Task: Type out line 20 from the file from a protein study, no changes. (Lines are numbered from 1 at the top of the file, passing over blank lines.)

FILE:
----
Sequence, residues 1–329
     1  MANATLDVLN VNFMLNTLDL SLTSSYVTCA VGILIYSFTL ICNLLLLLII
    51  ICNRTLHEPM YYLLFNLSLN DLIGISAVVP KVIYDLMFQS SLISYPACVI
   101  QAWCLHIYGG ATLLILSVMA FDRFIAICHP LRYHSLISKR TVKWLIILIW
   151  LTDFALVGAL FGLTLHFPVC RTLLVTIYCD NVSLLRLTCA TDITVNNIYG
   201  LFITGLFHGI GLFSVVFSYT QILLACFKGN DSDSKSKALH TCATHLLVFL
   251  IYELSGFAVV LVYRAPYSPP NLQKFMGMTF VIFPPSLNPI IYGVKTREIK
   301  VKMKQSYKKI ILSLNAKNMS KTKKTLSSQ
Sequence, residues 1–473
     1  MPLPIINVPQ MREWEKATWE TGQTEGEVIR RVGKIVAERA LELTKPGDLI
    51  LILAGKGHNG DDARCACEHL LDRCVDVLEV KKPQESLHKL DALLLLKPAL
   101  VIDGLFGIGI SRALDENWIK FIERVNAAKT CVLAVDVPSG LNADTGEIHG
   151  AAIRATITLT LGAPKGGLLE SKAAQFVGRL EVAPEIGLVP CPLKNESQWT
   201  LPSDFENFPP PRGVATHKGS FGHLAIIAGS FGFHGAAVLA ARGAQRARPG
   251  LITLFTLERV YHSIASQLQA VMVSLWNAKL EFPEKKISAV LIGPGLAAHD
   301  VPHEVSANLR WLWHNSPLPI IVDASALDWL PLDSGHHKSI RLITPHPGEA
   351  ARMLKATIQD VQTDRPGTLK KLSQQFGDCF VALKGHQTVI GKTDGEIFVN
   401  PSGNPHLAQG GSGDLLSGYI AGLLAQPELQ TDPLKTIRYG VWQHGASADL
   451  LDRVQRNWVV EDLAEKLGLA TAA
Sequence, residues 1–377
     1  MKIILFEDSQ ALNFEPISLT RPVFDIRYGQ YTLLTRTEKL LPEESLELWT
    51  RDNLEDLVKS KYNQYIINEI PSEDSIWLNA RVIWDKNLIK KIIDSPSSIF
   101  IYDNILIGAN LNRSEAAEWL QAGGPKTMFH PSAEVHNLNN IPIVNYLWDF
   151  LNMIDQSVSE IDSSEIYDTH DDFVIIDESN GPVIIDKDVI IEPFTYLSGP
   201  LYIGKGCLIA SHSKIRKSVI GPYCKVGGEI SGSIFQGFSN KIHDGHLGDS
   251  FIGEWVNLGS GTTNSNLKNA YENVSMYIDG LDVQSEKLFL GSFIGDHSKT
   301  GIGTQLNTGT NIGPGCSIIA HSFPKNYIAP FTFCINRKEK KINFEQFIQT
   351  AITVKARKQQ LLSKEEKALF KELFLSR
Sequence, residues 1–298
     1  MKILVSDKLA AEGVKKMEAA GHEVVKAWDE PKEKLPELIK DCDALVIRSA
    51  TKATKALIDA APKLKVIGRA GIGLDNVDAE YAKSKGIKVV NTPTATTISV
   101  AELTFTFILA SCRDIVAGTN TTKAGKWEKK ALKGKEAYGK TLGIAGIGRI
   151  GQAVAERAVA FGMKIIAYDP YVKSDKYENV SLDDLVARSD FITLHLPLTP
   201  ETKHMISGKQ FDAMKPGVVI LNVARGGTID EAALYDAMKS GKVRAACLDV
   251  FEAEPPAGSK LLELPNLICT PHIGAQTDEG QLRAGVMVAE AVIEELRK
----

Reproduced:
Sequence, residues 1–377